The Damage Done by an Unfired Gun

Editor’s Note: This article previously appeared in a different format as part of The Atlantic’s Notes section, retired in 2021.

This reader’s first experience with a firearm seems unimaginable to endure:

I felt it before I saw it. The gun was metallic, and it was hard. It pressed my T-shirt against my back and looked just exactly like a handgun always does in the movies. The man who held it had run up behind me before I could even see where he’d come from. We were on a dark street corner, and that was pretty much like the movies as well.

I was 15, female, in a quiet residential neighborhood in a liberal city on the West Coast. People didn’t own guns where I lived. We thought hunting was barbaric. We thought the NRA were nut cases. Half the girls in high school were vegetarian.

He pushed that gun in my back and shoved me through alleys for half an hour. He raped me.

It’s important to note, in this story, that the gun never went off. The gun may not have been loaded. The gun may have even been a fake. All it needed to do was convince me that he could kill me at any moment. Guns do that better than anything. This crime was reported—even prosecuted—but the man went free. He can buy a gun whenever he wants to.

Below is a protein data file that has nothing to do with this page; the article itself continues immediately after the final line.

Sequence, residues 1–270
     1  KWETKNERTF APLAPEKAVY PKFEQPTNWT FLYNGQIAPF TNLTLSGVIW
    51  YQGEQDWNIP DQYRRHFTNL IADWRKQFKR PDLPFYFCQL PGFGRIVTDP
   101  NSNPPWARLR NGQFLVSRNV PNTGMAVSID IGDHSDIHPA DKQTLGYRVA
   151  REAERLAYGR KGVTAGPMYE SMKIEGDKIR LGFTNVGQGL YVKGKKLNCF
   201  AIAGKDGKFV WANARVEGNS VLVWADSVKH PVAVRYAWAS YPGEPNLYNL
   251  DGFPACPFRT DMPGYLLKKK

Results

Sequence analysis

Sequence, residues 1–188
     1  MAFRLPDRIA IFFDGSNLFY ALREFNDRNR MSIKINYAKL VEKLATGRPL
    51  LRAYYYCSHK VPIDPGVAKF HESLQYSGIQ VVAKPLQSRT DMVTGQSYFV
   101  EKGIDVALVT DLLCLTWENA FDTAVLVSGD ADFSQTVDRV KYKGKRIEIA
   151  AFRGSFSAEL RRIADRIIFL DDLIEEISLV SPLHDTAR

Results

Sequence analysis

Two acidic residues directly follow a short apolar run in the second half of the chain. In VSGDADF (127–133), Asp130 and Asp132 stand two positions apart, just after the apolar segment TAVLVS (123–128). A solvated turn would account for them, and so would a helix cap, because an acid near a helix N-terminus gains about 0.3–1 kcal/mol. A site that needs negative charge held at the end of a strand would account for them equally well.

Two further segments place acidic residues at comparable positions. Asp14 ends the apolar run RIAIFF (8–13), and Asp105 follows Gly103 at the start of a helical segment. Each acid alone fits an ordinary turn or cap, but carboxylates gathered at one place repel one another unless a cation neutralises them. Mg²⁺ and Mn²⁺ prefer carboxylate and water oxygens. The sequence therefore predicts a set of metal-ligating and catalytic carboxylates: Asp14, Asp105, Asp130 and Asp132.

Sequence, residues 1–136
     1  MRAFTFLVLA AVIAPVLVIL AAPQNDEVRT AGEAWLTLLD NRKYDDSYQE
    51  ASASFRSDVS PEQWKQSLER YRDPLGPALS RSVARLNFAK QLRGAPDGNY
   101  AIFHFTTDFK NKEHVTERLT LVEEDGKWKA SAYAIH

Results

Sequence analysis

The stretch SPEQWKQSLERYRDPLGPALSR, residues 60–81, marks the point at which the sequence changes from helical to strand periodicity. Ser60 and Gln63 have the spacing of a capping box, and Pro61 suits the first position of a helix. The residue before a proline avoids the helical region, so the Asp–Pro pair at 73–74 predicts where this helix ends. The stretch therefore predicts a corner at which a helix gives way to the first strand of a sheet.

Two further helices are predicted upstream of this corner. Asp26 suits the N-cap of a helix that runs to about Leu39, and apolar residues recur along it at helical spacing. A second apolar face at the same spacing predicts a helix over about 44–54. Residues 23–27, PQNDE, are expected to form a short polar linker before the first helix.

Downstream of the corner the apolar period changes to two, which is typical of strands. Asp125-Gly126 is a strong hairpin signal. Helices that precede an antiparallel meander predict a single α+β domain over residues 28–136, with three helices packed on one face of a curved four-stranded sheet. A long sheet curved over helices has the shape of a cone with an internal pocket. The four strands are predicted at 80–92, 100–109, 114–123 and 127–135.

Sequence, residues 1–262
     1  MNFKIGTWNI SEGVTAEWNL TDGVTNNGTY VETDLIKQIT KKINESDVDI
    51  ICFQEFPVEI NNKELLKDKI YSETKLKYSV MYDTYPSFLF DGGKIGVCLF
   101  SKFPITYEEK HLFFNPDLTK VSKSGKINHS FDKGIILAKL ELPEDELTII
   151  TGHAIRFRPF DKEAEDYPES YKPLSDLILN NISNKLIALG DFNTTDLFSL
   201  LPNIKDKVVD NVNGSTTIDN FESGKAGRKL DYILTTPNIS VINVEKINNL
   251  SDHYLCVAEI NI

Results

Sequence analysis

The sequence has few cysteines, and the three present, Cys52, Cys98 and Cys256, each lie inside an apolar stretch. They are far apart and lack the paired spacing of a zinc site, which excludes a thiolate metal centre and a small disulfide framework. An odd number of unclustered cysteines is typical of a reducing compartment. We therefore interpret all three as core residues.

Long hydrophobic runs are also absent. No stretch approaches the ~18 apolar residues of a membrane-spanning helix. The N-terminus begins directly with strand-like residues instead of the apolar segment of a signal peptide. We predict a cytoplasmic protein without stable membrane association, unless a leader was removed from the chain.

This crime doesn’t show up in gun violence statistics. Those only cover shootings. I think it’s important to remember, in our conversation about firearms, how much damage they can do without ever being fired.

This next story of an unfired gun isn’t nearly as traumatic but traumatic nonetheless:

It was the early 1980s and I was 12 or 13, reading a magazine in my dentist’s waiting room in Brooklyn. I suddenly became aware of someone standing in front of me just as I heard another patient say “Oh my god.”

I looked up and into the barrel of a 9mm Browning, cocked. There were about two or three other patients in the waiting room. I remember thinking, “Please don't anyone try to be a hero.” We were all marched into an exam room—I was last in line and, therefore, had the pistol in my back.

The guy relieved the adults of their cash and jewelry (I kept my mouth shut about the couple hundred bucks in my pocket, meant to pay off an outstanding treatment balance for my older brother). The thief closed the door and proceeded to ransack the office for money and drugs.

Happy ending, if you can call it that: I read in the paper a month or so later that the guy killed himself when the cops finally caught up with him at the motel where he was living (which is why I know the pistol make and caliber). He’d robbed a dozen or so doctors and dentists (and their patients) over a few weeks after serving  prison time for similar robberies.